The music I listened to the most during March 2022, based on song plays per album

Welcome to my monthly column “What I’ve Been Listening To,” where I publish a post at the end of each month with my 5×5 collage of most-listened releases (which is sourced by my account and made into a collage via this site). This column was created for me to share my favorite discoveries with readers while documenting my own listening habits.

  • In my big 2021 Retrospective piece, I wrote about my top ten most-listened-to new releases of the year. Clocking in at #5 was the debut album blurred visions by Tooth & Nail Records’ idle threat, with 72 track listens during the calendar year. More recently, those numbers have doubled, and blurred visions has entered my top five albums of the past fifteen months, rising in rank to my #2 most-listened-to release of 2021. As I wrote in the retrospective, it’s an album that truly continues to get better with every listen. I highly recommend anyone check this album out, which will be all the better if you read along to the lyrics while listening. The band also has a live session concert that will be streaming later in April, with tickets available for only $10 here: Lastly, I had the pleasure of interviewing the band’s guitarist/screamer/songwriter for a recent episode of the JFH Podcast, which can be heard here.
  • Three discographies reigned supreme in March, although across the 50+ albums that I listened to over the course of the month, many of the albums can’t be seen above. Those three discographies were Wolves at the Gate, Brand New, and Copeland. Wolves at the Gate started, plainly enough, with the release of their fifth full-length, Eulogies. Most of my listens came as I wrote my album review for JesusFreakHideout (which can be viewed here as the second review on the page). When reviewing a new album, I usually make an effort to refresh myself on the band’s discography. Since Wolves at the Gate is already a favorite band of mine, this was not a hard sell, and while I had a fantastic time barreling through their albums for the umpteenth time, it also solidified my original impression: that Eulogies is my least favorite of the band’s five full-lengths. That said, it’s a very fun album that I still enjoy quite a bit. The album is stylistically inconsistent, but this inconsistency gives it a sprawling nature, sounding less like a great rock album and more like listening to a great rock radio station.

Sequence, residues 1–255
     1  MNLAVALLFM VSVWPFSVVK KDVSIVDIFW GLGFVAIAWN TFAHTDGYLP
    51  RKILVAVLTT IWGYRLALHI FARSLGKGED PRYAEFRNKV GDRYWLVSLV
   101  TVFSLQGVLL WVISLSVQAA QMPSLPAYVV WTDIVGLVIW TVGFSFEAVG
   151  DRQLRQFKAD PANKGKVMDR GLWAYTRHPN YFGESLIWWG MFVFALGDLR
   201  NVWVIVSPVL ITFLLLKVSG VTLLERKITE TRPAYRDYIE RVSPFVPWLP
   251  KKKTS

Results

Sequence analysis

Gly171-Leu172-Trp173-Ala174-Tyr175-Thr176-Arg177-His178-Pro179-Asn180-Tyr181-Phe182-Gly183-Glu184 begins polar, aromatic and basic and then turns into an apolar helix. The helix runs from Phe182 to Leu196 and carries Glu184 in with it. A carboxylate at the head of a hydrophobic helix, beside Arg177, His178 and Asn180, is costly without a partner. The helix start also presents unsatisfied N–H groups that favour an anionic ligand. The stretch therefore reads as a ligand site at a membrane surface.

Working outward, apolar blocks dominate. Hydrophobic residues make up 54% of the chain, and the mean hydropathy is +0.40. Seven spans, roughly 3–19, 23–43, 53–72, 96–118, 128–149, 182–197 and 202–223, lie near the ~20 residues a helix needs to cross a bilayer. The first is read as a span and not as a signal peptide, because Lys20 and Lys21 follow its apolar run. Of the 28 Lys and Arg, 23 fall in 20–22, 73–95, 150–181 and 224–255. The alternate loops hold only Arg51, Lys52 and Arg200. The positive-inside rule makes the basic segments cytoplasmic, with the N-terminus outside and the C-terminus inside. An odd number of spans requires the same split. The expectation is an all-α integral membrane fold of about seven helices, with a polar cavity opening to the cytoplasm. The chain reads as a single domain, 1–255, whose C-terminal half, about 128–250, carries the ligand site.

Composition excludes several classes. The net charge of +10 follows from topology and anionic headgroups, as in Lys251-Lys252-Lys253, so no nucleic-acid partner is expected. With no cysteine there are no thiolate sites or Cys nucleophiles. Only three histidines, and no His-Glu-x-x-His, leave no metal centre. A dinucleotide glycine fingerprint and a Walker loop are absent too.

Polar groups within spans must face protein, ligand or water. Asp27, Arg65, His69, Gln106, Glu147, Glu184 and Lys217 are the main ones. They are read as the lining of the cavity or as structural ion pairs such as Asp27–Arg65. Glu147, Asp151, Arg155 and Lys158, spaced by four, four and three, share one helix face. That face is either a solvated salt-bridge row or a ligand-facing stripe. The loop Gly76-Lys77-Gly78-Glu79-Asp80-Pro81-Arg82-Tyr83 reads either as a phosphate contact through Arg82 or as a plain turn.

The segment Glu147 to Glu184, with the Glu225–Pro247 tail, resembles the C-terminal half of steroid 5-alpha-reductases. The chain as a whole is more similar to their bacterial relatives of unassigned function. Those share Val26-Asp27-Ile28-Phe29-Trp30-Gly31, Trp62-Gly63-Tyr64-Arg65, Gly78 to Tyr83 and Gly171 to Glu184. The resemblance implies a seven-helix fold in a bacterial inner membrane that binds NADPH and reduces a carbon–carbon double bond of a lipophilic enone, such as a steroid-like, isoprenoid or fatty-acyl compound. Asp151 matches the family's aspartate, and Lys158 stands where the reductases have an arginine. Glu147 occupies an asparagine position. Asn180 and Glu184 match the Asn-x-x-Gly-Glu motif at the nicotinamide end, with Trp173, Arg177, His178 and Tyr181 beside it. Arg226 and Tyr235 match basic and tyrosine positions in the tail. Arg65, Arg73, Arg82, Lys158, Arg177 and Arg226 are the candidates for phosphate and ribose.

• Also falling just outside of my top 25 albums is Burden by Out of Service, the most recent full-length from the up-and-coming emo band. As they gear up to release their third full-length later this year, they’ve released two excellent singles in the past month: “A Moment Trapped in Time” featuring Emery and “What You See” featuring John Nolan (of Taking Back Sunday and Straylight Run). The rock unit’s third LP isn’t stuffed with features by any means, but I think it was a savvy business move to front-load the marketing and single rollout with these guest features — and so far, it’s been paying off wonderful dividends. The Emery-assisted track has become far and away their biggest success to date, increasing the band’s reach by thousands.
  • Out of Service often gets compared to Brand New (and fairly so, seeing how Brand New has been a longtime inspiration of the band’s members, not to mention how similar the lead singers’ voices sound), so after spending some time with OOS, I switched over to Brand New for the first time in a few years. I started with the band’s breakout sophomore effort Deja Entendu. And then I kept going and finished the rest of the band’s albums. I didn’t get my fill, so I wrapped back around and re-started the whole discography. Two or three whole days became consumed with listening to Brand New, and it was a refreshing reminder of why this band became so cult-famous that they were able to announce an album out of the blue in 2017 and debut at #1 on the Billboard 200. Ever since the release of 2017’s Science Fiction, there’s been a three-way competition for my personal favorite album from the group: Science, Deja, or the infamous and highly-regarded The Devil and God Are Raging Inside Me. From these few days of listening, it’s Deja Entendu that takes my top spot.
  • That uhhhhhhh that Lucky Daye album. Really sticks out like a sore thumb, huh? That new release from the Grammy-winning R&B artist is one of few new releases that really caught my attention during March, with another one being Lunar Reflection by Glacier Veins, a fairly straightforward but extremely enjoyable alt-rock-meets-emo-pop sophomore album. But the big winner of the month (to no one’s surprise) is the new Weezer EP, SZNZ: Spring, which is the first of four EPs that will be released by the band this year, which each season’s release aligning with the respective solstice/equinox. I became a Weezer die-hard in 2020, which became a bit disappointing when I didn’t really jive with either of the two full-lengths the band released in 2021. From the look of it, Weezer will be redeeming that for me in 2022 with these four sets of seven songs, each exploring different musical styles and philosophical ideas.